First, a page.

What a challenging conversation this can be.
Kudos and sincere thanks to the National Partnership for Women and Families and its hosted Consumer Partnership for eHealth for hosting the discussion entitled ““How Access to Information Can Empower Patients and their Caregivers” yesterday. It was the right place, right time, right group of people. I think we nearly split the atom.
e-Patient Dave in his post on e-patients.net did a nice job of summarizing the feeling on the part of the patients in the room, so I’ll just post what was going through my mind here.
After showing the images that I previously posted on this blog (you can see them here), a question was asked about sharing of lab results, imaging results, physician notes, and the like.
As you can see from Dave’s review of things, there appeared to be a difference of opinion about “when.”
The problem I see with the response of “yes, they should have their results; however…” or “yes they should see their data, but…” is that it reminds me of so many conversations I have had that go something like this:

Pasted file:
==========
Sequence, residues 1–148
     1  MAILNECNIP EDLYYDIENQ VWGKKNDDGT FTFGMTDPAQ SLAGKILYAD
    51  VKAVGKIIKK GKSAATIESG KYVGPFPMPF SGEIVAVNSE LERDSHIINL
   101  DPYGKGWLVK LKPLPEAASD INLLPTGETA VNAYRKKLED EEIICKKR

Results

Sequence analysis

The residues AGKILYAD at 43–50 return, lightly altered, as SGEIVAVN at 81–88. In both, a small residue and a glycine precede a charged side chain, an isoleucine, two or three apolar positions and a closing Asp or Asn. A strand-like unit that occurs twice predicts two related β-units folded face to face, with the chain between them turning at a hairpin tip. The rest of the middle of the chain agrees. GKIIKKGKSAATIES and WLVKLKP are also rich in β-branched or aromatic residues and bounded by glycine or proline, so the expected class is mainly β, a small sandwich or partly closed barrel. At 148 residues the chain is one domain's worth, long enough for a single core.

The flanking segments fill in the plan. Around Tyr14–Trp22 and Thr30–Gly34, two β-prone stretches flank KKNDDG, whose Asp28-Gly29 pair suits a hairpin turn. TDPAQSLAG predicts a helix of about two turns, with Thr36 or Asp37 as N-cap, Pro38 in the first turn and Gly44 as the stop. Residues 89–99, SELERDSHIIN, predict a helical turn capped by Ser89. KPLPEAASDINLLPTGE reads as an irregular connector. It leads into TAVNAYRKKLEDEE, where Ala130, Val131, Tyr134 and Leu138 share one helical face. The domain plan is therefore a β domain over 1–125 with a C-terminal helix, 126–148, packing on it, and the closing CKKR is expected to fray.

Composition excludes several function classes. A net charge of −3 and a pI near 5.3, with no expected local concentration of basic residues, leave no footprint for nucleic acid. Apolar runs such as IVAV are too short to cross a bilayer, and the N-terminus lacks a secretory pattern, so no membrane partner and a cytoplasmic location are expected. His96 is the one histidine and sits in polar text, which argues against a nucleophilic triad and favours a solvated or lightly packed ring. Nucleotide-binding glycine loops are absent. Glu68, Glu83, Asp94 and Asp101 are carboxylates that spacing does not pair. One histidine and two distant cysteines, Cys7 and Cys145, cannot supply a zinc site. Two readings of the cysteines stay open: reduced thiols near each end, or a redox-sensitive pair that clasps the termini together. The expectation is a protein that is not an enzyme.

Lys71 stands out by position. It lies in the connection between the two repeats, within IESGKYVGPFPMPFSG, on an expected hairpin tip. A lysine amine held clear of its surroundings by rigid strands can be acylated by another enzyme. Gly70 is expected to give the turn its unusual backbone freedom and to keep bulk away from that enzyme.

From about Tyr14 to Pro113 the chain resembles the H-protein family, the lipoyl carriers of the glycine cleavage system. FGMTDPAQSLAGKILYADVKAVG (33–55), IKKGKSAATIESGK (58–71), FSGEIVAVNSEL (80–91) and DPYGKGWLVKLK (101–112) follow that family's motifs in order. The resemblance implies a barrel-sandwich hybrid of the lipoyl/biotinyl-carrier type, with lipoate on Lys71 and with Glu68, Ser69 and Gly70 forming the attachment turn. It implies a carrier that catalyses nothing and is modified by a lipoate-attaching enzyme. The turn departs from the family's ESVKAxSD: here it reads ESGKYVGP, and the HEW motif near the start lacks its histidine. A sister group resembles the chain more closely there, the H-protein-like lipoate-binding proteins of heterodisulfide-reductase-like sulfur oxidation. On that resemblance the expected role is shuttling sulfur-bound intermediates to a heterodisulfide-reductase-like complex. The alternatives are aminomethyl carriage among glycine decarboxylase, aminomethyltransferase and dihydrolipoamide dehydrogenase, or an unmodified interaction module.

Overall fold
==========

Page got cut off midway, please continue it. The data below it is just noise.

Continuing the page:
“Ted, minorities (such as yourself) should have equal rights, no question about that. Just not now.”
That’s the reality I have lived, and I think for someone who is struggling to be respected in our health care system, this is how responses like the above can come across, as Dave’s blog post shows. This is why I turned to Dave and Regina and asked them to provide their personal experience, which they did, and very passionately so.
Instead of wondering,”Should the doctor see the results first?” let’s ask a deeper question: “When can patients have their data?” And…in more and more health systems, the answer is “whenever they want it,” with off-the-charts satisfaction on the part of patients and clinicians.
Yesterday really helped me understand that this is not going to be an easy conversation, however, I’m happy to participate in it, and invite the patient to be in the room while it is happening.
Why? Because I may have gone to medical school, but I have not yet had stage 4 metastatic renal carcinoma or cared for someone who has.